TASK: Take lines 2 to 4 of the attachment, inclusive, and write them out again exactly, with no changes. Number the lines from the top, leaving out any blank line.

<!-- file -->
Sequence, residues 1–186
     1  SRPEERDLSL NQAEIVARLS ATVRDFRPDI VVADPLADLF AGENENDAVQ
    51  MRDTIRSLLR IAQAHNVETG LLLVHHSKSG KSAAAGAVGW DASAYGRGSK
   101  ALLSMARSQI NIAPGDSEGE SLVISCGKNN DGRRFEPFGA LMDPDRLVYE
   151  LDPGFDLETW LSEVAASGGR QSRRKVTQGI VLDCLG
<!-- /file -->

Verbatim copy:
     1  SRPEERDLSL NQAEIVARLS ATVRDFRPDI VVADPLADLF AGENENDAVQ
    51  MRDTIRSLLR IAQAHNVETG LLLVHHSKSG KSAAAGAVGW DASAYGRGSK
   101  ALLSMARSQI NIAPGDSEGE SLVISCGKNN DGRRFEPFGA LMDPDRLVYE